Medical cannabis dating
Department of Justice memorandum to "All United States Attorneys" providing clarification and guidance to federal prosecutors in states that have enacted medical marijuana laws.Two American (for-profit) companies, Cannabis Science Inc., and Medical Marijuana, Inc., are working towards getting FDA approval for cannabis based medicines (including smoked cannabis).
Cannabis remains illegal throughout the United States and is not approved for prescription as medicine, although 24 states—Alaska, Arizona, California, Colorado, Connecticut, Delaware, Hawaii, Illinois, Maine, Maryland, Massachusetts, Michigan, Minnesota, Montana, Nevada, New Hampshire, New Jersey, New Mexico, New York, Oregon, Pennsylvania, Rhode Island, Vermont, and Washington—as well as the District of Columbia approve and regulate its medical use.(The Federal government continues to enforce its prohibition in these states.) Cannabis also remains a U.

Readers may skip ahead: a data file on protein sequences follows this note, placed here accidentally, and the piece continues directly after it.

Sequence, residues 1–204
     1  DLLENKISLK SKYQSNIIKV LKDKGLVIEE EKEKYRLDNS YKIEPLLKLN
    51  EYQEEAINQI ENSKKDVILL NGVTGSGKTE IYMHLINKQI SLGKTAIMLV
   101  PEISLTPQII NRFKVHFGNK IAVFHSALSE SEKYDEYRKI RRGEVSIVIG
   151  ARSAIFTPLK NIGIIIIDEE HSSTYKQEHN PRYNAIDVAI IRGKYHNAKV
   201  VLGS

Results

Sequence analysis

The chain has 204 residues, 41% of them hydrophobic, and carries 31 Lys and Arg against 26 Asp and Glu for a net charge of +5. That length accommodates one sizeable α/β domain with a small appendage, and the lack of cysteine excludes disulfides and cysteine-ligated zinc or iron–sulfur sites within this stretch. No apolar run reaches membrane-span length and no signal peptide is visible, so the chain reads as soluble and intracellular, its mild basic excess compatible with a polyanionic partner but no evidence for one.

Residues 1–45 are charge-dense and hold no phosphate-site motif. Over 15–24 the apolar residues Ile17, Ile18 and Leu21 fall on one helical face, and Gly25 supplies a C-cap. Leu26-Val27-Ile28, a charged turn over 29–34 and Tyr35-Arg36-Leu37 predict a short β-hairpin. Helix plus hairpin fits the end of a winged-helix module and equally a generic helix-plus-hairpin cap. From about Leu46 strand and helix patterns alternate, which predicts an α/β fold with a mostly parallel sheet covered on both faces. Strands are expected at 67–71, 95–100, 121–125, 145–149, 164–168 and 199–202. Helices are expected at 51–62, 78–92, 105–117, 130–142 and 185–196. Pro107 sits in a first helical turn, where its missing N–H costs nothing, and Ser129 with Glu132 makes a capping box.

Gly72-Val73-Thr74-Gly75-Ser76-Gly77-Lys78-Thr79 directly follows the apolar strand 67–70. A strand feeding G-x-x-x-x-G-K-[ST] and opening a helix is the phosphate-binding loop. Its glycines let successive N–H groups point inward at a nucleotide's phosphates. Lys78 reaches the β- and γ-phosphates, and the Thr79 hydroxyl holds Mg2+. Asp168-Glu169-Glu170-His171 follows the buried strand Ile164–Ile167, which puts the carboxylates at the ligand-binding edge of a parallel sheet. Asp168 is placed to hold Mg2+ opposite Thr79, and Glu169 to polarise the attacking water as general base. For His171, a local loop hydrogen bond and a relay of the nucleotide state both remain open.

wants to have medical cannabis approved by the FDA so anyone, regardless of state, will have access to the medicine.
Since the creation of the DEA, the agency has spent over US0 billion trying stop the flow of illegal drugs into the United States.
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The FDA and comparable authorities in Western Europe, including the Netherlands, have not approved smoked cannabis (partly because of the problems related to smoking per se and the inherent crudeness of it as an effective and dosed delivery mechanism) for any condition or disease.